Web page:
Finally, my hot cross buns came out pretty good as well. Glazed with golden syrup then halved, toasted and served hot with butter - all of your dreams come true. So that was my Saturday. I made a load of bread with a load of good friends. Can't be beat. C'est incroyable. (#3)

Saturday, 16 March 2013

The Perfect Chicken Club

I left the nest the best part of a decade ago. Heading off for university, I was excited about my newfound independence and the adventure that lay ahead of me, and in a lot of ways I've never looked back. But even now, several dorm rooms, apartments and houses later, I still feel like there's something missing in my life. Something that, the minute you leave home, you can never get back. Obviously I'm talking about my parents' fridge. Bottomless and automatically-replenishing, I had few better friends during my teenage years, and certainly none who were as giving. More often than not what I dove into that bad boy for was sandwich ingredients - which I would pile high onto each other in ridiculous fashion before trying to sneaky the snack up past my parents and into my bedroom. Well, they say practice makes perfect and I definitely had a lot of practice. So here's my ridiculous, but perfect, chicken club sandwich. 10 years in the making...once a Fatboy, always a Fatboy.
There is NOTHING better than homemade mayonnaise, and a sandwich of these epic proportions demands something a little bit special. Whisk together 2 egg yolks, salt and pepper and a tablespoon of dijon mustard, then very slowly add about 250ml of good quality olive oil. An electric whisk works wonders in these types of situations. I then split mine between two ramekins, adding chilli sauce to one and garlic powder to the other...huge flavours here.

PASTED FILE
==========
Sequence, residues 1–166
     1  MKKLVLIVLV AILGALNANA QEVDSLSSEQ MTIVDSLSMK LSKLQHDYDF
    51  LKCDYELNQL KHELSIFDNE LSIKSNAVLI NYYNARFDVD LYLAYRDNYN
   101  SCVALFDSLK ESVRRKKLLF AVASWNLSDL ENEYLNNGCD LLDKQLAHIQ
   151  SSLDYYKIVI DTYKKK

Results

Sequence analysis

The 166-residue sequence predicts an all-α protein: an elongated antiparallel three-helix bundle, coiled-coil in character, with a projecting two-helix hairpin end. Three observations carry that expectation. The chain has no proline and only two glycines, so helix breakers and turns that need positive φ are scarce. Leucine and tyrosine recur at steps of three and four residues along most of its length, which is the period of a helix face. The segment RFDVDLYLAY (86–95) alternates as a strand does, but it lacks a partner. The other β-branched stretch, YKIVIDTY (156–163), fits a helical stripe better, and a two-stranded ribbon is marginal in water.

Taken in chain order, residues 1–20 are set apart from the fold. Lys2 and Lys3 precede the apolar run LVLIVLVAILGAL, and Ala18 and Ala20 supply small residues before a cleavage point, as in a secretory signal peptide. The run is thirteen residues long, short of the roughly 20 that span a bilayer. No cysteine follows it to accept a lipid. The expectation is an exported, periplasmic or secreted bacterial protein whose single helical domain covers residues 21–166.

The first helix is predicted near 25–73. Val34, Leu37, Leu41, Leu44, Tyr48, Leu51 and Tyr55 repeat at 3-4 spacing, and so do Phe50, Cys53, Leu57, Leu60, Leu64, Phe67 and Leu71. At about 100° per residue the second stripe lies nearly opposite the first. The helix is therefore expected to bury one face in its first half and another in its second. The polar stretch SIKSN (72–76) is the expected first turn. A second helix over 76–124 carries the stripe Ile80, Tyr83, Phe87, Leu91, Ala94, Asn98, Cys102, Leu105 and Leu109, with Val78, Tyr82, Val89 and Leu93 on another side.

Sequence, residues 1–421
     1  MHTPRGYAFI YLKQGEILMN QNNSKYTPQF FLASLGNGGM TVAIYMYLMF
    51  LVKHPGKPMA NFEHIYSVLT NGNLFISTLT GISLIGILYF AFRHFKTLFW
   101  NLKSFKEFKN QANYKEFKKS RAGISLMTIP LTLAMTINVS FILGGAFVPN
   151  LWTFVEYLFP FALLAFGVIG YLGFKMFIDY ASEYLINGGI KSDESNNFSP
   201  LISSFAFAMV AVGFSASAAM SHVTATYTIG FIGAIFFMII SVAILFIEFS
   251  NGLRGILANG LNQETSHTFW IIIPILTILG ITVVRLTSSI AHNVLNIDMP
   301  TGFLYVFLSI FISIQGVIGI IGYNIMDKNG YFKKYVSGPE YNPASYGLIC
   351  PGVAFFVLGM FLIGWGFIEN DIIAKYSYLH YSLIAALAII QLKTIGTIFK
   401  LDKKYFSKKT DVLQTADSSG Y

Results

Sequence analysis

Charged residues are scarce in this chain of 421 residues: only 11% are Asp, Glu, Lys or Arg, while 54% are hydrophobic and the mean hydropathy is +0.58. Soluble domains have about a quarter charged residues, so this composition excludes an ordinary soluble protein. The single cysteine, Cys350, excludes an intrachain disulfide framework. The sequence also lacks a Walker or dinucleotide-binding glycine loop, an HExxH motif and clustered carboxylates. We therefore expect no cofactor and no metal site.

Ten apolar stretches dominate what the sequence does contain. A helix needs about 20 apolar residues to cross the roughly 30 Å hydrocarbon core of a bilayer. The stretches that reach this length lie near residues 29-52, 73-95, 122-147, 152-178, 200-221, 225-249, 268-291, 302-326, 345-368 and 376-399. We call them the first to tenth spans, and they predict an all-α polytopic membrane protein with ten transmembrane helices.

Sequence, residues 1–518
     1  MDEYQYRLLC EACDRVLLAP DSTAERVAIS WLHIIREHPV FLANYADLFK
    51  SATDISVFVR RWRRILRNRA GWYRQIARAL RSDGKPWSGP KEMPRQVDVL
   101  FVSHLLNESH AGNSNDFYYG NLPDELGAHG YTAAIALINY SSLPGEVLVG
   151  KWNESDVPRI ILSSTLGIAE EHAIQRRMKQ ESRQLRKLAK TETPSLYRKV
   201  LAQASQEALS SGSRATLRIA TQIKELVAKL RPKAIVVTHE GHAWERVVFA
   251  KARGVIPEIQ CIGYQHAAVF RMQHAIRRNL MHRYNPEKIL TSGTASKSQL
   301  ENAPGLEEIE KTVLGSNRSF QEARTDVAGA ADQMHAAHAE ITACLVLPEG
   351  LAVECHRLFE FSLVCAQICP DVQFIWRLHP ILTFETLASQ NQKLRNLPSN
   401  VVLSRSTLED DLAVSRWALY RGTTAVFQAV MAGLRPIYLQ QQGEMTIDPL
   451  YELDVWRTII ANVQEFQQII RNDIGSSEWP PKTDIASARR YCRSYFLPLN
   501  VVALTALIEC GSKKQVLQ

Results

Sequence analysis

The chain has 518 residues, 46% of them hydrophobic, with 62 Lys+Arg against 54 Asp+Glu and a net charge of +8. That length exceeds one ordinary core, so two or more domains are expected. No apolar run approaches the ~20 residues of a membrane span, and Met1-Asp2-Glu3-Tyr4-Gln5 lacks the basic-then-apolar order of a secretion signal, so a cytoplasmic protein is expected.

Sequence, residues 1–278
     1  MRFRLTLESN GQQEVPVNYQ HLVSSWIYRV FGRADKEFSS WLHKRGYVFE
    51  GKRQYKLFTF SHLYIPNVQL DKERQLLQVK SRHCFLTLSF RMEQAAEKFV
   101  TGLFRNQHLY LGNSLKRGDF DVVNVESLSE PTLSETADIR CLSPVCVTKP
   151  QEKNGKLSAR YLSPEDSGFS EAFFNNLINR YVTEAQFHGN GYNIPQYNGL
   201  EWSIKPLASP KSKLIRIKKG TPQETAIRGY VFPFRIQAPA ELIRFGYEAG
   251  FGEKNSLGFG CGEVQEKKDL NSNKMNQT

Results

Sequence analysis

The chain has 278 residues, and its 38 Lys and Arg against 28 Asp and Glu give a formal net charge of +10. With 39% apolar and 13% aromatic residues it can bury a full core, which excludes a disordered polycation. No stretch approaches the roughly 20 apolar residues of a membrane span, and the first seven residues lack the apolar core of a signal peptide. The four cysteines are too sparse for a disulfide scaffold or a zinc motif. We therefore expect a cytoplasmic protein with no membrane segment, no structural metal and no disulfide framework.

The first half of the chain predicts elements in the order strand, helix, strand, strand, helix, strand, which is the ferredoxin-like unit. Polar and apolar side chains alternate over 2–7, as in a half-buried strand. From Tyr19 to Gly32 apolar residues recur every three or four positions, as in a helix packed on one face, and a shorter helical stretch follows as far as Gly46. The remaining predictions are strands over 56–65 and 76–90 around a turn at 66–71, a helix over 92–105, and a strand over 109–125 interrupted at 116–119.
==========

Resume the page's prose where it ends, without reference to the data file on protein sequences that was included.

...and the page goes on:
Great food doesn't have to be fancy. Just top ingredients and flavours that work well with each. Lay out all of your sandwich fillings and admire them, then get ready to build. I genuinely believe that creating the perfect sandwich is artistry - no different than painting a picture or writing a song. You layer all the elements together just right and you'll end up with a masterpiece. That's what I tell myself at least.
Toast your bread. IT'S GOTTA BE TOASTED. It's a scientific fact that toasting your bread makes any sandwich taste better. Chilli mayo x 1.
I fried one butterflied chicken breast in a bit of olive oil, with some smoked paprika on both sides. Slice it up and layer on your mayo. Keep it simple...stupid. 
Now I know you don't win friends with salad, but this is the perfect chicken club sandwich, and the perfect chicken club sandwich calls for baby gem lettuce and thick slices of tomato.
The double-decker. A sandwich amongst sandwiches. Lather both sides with your choice of mayonnaise and then stick some ripe avocado on top. Holy guacamole this is looking good.